Contact: Jennifer Clark | 202-785-5100 |

Washington, DC—A new briefing paper released today by the Institute for Women’s Policy Research (IWPR) finds that eligibility requirements for many college promise (or “free college”) programs need to change to include student parents, a demographic that is central to improving college access and equity.

One in five college students in the United States are raising children while in school. College students with children—who are disproportionately women and students of color—often take breaks between high school and college, have high child care and other non-tuition expenses, work significant hours, and attend part-time. Student parents take longer to finish school and have more student loan debt than their non-parenting peers, but also earn higher grades.

College is one of the most reliable routes to economic security for parents and their children, and student parents stand to gain disproportionately from earning a degree. The paper recommends that college promise programs can modify their requirements to allow participation among working students with children by:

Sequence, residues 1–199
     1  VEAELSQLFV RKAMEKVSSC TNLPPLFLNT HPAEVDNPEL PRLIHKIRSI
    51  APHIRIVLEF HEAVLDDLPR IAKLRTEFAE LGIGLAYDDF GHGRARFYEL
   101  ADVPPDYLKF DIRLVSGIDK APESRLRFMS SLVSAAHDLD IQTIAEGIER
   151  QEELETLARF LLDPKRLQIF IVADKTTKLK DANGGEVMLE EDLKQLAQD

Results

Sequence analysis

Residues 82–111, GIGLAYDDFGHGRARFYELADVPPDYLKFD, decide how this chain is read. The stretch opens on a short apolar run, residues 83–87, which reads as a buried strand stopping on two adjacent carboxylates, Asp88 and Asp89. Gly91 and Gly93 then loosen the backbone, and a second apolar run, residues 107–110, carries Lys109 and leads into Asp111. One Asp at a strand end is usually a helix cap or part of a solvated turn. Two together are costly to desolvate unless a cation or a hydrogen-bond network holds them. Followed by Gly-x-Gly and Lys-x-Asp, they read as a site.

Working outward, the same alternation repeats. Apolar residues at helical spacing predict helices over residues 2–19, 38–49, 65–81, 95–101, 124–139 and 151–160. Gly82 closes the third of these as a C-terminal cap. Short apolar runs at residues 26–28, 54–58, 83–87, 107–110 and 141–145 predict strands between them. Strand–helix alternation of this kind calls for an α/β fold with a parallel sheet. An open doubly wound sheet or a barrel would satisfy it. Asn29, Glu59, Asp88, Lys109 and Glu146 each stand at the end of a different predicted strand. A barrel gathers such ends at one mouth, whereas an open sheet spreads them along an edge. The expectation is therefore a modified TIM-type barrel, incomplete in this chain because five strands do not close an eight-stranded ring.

• removing requirements that limit participation to recent high school graduates, first-time college students, or students enrolled full-time;
  • ensuring access for underrepresented students with the highest financial need;
  • providing support to students who take longer to complete degrees or who transfer from community colleges to four-year institutions;
  • helping students cover non-tuition costs like transportation; and
  • providing supportive services such as child care.

Over half of student parents have children who are child-care or preschool-aged. With the cost of child care exceeding the cost of in-state tuition in most states, the paper argues that expanding access to adult and part-time students and allowing aid to help students cover the costs of child care, housing, food, transportation, and other basic needs will be critical to making college affordable for current and prospective students who are parents.

Lindsey Reichlin Cruse, IWPR Study Director and co-author of the paper, commented on the findings:

“Free college’ has been a staple in many policy platforms championed by 2020 presidential candidates. These proposals should recognize that student parents are central to achieving the country’s college equity and access goals that promise programs are designed to achieve.”

The Institute for Women’s Policy Research (IWPR) is a 501(c)(3) tax-exempt organization that conducts and communicates research to inspire public dialogue, shape policy, and improve the lives and opportunities of women of diverse backgrounds, circumstances, and experiences. IWPR also works in collaboration with the Program on Gender Analysis in Economics at American University.